NFV and SDN imply a significant change for


current network infrastructures
No zero-day approach is feasible
Avoiding disruptions

Identify relevant use cases


Emerging services
Reuse of equipment still in amortization
Leverage on new planned elements in architecture

Plan for phased deployments

Take advantage of virtualization advantages

Soft-Node

Interworking with existing infrastructure


Not breaking current operational practice
Flexibility
Extensibility
Reusability

DS vCPE

Current Targets: Virtual Residential CPE


Shifting network functions deployed in home
environment to the network

Telco Network
environment

Home environment
Access Point Switch Mdem

STB

Virtual
CPE

UPnP
IPv4/IPv6

TR-069

DHCP

Simple, stable along the time and cheaper


customer premises equipment
Quick and transparent migration to IPv6

Live trial today


Commercial before end 2014

FW

NAT

Service evolution and operation is supported inside


telco network
Monetize cloud and video services (virtual set top
box)
Monetize security and digital identity features

MATURITY LEVEL
EXPLORE

PoC

TRIAL

DEPLOY

Current Targets: Elastic DPI


CENTRALISED INTELLIGENCE
Other data

Deeper

Network Big
Data

RELEVANT INFO

Copy

REAL-TIME
ANALYSIS

Metadata interface

Security
Alarms

OpenFlow
RAW USER TRAFFIC

RAW USER TRAFFIC

NFV
domain

xDRs

POLICY
DECISIONS

MITIGATION

SDN
domain

OF Controller
OF Switch

>80 Gbps line rate per server

Stable signatures

Flexible data analysis and signature


upgrade

Forensic analysis feasible.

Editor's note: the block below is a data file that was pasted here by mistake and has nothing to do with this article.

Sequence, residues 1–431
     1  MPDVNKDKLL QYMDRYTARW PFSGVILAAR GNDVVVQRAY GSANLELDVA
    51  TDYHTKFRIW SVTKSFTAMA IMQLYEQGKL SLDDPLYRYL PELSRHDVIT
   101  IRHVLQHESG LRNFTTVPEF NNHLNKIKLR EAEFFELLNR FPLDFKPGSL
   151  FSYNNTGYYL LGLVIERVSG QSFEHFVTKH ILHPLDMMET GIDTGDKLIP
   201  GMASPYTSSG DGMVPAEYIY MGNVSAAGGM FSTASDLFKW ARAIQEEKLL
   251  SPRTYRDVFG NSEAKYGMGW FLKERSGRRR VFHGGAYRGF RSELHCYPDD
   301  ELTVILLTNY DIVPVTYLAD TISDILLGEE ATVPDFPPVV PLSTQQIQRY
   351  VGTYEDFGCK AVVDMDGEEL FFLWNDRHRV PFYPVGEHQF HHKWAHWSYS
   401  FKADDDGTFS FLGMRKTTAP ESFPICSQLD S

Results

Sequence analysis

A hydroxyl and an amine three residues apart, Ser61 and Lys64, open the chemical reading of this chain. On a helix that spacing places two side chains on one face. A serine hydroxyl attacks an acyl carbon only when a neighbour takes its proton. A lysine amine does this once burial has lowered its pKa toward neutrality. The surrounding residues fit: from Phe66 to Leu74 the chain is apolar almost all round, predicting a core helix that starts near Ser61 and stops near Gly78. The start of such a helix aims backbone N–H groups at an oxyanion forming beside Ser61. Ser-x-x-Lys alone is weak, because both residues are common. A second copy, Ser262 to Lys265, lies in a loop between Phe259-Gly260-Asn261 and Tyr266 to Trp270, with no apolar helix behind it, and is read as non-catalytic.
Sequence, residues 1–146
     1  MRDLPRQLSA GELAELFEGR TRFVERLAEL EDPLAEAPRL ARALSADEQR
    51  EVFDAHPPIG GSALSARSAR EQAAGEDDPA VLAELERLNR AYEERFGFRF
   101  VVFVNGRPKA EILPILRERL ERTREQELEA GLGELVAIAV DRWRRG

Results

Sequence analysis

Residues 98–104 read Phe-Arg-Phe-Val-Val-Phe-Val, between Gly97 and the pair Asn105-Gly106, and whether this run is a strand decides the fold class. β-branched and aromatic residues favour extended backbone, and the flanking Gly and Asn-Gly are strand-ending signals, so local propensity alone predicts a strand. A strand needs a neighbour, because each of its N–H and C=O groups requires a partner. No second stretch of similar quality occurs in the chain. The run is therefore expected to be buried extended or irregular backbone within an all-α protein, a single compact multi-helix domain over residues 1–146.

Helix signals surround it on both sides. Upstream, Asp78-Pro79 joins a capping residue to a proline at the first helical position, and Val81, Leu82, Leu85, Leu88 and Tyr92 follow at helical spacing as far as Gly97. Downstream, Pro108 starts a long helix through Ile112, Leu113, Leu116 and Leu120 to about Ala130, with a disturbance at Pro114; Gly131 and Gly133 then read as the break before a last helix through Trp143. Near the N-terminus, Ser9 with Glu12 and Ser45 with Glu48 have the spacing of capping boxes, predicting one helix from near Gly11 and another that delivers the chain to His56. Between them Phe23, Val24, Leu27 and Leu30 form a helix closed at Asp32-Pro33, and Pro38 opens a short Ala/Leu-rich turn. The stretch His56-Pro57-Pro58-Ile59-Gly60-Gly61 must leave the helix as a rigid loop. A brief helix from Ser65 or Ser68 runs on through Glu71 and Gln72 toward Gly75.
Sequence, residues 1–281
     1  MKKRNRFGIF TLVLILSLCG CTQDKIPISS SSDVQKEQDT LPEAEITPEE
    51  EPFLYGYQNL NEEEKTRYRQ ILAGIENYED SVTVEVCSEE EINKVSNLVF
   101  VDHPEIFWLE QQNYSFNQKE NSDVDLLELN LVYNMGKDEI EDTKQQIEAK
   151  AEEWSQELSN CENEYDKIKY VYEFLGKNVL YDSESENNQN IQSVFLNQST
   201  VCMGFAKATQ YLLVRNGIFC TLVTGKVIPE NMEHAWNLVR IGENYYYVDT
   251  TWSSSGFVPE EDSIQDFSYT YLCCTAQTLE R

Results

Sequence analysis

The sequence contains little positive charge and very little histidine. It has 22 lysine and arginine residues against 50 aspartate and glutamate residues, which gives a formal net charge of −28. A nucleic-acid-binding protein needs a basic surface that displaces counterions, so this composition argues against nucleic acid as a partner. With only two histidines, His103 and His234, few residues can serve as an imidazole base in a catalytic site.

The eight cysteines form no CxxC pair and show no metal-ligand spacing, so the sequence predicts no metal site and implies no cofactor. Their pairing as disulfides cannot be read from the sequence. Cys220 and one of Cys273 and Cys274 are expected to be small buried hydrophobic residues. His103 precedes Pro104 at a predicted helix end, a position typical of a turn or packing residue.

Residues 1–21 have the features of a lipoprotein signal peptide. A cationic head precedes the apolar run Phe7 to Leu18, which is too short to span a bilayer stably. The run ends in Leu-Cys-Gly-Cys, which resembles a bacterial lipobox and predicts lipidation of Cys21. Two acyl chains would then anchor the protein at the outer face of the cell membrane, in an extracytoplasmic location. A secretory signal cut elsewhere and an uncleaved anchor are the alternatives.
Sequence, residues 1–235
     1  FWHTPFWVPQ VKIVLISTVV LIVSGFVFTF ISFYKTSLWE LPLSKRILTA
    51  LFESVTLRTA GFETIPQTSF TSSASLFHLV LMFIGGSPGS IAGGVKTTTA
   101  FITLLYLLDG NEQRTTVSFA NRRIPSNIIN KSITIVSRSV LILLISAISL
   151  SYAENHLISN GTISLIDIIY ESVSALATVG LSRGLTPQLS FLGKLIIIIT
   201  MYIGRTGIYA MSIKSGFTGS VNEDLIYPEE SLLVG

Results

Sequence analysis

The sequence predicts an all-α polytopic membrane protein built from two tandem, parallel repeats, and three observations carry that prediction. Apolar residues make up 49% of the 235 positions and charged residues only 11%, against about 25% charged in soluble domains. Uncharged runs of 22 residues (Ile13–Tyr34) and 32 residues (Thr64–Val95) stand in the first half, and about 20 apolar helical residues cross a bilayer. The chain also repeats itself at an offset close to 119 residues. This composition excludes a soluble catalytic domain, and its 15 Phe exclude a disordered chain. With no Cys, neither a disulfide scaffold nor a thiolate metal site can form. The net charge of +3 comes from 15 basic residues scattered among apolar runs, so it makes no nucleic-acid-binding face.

MATURITY LEVEL
EXPLORE

PoC

TRIAL

DEPLOY

Current Targets: Enhanced Virtual Router


Leverage on open source routing project (Quagga) as rich and widely
tested protocol suite while assuring data plane performance

OPEN-SOURCE CONTROL
PLANE
(Quagga + Linux)

Common routing protocols supported and


extended by open source project.

Well-known router command line.

OPTIMIZED
DATA PLANE
(DPDK-based)

High-performance line-rate data plane.

Running as separate process, does not lead to


licensing issues.

MATURITY LEVEL
EXPLORE

PoC

TRIAL

DEPLOY

Counting a Few

Orchestration has the key

Identify interstitial security threats

Design patterns

Dealing with topology layers

Pieces at all infrastructure layers


Need to go beyond just fitting them together
Big data in the loop
Seize the opportunity to simplify systems and processes
Topologies
Trusted boot
Several identity layers and accounting
Big multi-user VMs vs small single-user ones
Componentization
Building services by composition
Up to three: infrastructural, virtualized, and service
Mapping to current practices and protocols